Many conflicts around the world today are between the central government of a given state and ethnic groups within that state. The ethnic groups demand independence or autonomous rule, while the central government refuses to concede to such demand. How should the international community treat this kind of ethnic conflict? That is, by which standard should the central government’s position and a particular ethnic group’s demand for independence or autonomy be evaluated? How absolute is the central government’s claim to preserve territorial integrity? Moreover, do ethnic groups inherently have the right to claim independence or self-rule to begin with?
There are no clear-cut answers to these questions. However, discussions about self-determination and secession have become active in recent years, especially in view of the many cases of resolving ethnic conflicts that erupted after the Cold War that have impacted on the way to think about self-determination. This paper attempts to offer a way to understand the claims of ethnic groups in the context of recent developments.
Self-determination and its claimant
Self-determination is act of a particular people or an ethnic group to exercise its sovereign right to become an independent state and to decide on the form of state (including the system of government). The former, regarding independence, is called external self-determination and the latter regarding choices of the form of the state system internal self-determination.
The genesis of principle of self-determination as a concept in international relations can be traced to World War I; more precisely the “Fourteen Points” made by US President Woodrow Wilson in his speech to Congress in 1918. 1 Wilson had in mind to allow for independence to the separate nations in the Balkans who had been victims of the politics of balance of power that dominated European international relations. However, the application of the principle of self-determination was not consistent. It was only applied to those nations within the former Austro-Hungary and Ottoman empires that were defeated in the war, and the Asian and African colonies of the victorious powers were left as colonies.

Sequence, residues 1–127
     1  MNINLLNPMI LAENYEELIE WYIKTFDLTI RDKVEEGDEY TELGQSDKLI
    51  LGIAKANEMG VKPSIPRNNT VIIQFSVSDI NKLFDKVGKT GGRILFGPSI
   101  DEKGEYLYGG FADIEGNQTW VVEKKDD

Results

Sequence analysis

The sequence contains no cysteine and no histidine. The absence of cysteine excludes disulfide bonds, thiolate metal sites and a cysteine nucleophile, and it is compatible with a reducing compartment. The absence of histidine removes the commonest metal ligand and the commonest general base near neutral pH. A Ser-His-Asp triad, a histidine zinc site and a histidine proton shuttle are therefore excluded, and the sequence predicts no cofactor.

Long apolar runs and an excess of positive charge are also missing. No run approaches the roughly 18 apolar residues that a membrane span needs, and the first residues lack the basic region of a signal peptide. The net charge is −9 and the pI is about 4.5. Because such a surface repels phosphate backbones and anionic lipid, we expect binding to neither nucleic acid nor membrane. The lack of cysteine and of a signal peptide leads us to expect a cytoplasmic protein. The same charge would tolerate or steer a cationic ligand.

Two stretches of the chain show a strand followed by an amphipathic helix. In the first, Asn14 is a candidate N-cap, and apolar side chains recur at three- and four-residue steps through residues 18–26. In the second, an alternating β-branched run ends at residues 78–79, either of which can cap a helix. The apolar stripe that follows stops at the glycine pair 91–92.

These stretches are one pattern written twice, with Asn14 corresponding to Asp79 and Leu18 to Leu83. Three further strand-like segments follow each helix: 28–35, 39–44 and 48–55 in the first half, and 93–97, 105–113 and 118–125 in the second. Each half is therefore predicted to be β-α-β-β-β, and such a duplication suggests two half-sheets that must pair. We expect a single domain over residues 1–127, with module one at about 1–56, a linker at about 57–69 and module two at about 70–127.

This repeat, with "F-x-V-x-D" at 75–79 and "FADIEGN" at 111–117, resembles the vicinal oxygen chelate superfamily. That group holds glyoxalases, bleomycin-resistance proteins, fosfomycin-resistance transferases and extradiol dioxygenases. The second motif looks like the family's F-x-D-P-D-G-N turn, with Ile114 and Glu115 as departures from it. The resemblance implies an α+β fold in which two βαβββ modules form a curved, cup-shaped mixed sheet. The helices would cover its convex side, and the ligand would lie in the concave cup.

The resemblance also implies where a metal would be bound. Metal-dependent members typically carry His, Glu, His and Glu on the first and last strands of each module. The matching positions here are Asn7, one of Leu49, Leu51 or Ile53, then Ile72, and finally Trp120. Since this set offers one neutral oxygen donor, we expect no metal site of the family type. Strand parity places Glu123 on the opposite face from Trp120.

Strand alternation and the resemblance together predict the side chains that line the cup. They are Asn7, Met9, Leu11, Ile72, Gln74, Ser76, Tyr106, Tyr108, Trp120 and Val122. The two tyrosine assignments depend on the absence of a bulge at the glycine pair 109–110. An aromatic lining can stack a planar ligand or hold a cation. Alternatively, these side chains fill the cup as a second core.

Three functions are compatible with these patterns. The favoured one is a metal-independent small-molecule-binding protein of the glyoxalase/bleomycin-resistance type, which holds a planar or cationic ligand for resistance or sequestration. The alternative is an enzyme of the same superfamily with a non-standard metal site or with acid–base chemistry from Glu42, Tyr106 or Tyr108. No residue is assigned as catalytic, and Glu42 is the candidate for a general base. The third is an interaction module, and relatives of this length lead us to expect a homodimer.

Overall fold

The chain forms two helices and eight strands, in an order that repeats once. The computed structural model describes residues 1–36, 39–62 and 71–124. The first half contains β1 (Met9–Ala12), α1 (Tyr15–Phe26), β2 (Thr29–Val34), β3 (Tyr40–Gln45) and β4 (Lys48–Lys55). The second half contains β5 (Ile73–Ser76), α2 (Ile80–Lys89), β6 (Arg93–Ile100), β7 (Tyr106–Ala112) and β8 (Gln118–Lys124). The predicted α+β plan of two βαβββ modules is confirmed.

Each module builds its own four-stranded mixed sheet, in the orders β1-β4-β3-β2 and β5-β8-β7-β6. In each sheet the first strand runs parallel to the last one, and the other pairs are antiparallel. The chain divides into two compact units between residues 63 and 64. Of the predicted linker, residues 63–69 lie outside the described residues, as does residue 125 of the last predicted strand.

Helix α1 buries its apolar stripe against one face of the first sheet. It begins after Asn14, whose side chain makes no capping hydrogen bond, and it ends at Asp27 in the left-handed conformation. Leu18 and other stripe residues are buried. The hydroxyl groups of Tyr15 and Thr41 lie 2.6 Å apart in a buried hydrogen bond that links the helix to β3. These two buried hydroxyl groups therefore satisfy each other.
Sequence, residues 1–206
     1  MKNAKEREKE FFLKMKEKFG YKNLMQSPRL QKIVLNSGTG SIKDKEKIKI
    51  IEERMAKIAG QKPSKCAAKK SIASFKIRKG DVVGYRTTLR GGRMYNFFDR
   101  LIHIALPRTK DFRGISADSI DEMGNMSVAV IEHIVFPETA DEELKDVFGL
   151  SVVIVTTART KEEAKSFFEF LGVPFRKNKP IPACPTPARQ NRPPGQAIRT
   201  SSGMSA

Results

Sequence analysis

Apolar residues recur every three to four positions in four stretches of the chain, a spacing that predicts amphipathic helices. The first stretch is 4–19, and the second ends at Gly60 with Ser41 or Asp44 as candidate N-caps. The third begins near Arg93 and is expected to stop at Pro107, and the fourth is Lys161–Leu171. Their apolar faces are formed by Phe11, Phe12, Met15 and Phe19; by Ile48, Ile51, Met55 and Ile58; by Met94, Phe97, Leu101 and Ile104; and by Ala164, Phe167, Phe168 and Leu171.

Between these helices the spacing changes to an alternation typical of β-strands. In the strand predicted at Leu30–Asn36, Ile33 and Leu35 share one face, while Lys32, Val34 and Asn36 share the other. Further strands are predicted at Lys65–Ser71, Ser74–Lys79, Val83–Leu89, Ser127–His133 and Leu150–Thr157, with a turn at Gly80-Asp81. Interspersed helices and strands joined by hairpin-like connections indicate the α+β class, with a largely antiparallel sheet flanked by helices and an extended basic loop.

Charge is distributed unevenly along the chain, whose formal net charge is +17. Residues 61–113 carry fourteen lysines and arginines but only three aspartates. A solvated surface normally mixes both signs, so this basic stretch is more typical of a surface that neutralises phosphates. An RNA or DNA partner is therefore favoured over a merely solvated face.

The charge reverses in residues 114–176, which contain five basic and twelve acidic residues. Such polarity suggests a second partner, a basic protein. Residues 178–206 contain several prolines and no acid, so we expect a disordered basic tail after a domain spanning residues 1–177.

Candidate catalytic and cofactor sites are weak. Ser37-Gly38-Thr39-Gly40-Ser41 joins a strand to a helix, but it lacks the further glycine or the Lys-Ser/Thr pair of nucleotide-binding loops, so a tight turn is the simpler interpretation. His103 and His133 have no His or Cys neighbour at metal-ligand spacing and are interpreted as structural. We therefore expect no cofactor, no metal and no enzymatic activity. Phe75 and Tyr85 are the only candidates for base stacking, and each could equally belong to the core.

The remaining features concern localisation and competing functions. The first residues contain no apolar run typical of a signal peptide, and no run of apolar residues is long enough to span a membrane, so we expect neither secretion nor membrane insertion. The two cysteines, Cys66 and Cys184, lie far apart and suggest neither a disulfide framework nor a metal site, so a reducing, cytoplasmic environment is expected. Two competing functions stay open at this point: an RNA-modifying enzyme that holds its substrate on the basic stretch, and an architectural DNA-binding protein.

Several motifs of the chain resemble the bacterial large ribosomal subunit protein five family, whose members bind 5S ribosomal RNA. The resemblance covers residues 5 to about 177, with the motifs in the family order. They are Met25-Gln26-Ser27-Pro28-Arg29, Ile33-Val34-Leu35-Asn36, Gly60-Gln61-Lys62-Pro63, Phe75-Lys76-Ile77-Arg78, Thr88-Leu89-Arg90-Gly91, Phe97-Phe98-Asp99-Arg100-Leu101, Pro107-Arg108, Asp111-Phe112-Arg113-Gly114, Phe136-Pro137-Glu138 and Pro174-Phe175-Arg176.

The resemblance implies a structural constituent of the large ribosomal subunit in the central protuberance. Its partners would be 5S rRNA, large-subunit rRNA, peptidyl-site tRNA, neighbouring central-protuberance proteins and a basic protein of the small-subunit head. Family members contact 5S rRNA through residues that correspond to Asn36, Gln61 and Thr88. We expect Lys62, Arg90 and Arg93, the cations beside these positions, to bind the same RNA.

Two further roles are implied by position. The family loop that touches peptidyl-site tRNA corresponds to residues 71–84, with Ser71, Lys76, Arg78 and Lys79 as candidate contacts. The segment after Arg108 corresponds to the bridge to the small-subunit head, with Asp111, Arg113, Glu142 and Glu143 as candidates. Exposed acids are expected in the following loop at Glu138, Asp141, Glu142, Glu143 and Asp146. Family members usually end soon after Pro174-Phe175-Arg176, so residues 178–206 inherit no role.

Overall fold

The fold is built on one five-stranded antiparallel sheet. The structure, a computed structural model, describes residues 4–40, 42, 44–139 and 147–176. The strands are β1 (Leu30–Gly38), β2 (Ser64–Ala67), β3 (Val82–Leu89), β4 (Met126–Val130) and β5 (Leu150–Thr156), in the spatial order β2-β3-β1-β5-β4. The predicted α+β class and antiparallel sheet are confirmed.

However, there are two important points we need to recognize. One is the idea of international guarantee of self-determination. The principle of self-determination was conceived as a notion of global governance to guarantee those nations who did not have the power themselves to become independent. The other is the nature of self-determination as a social contract. Wilson advocated that the self-determination of the Balkan nations should be carried out along the lines respecting the historically formed “allegiance and nationality”. The underlying view was that a nation should be defined less as a naturally or objectively defined ‘characteristics’ as a nation than as a body with the will to independence shaped through the course of history.
After World War II, the notion of global governance to guarantee self-determination evolved further. Article 3 of the UN’s “Declaration on the Granting of Independence to Colonial Countries and Peoples” of 1960 stated: “Inadequacy of political, economic, social or educational preparedness should never serve as a pretext for delaying independence”. This meant that that conditions for the formation of a state need not be all met in order for independence to be recognized. With the two international covenants on human rights (International Covenant on Civil and Political Rights and International Covenant on Economic, Social and Cultural Rights) of 1966 that declared in Article 1 that, “All peoples have the right of self-determination”, the notion of self-determination developed in to a right.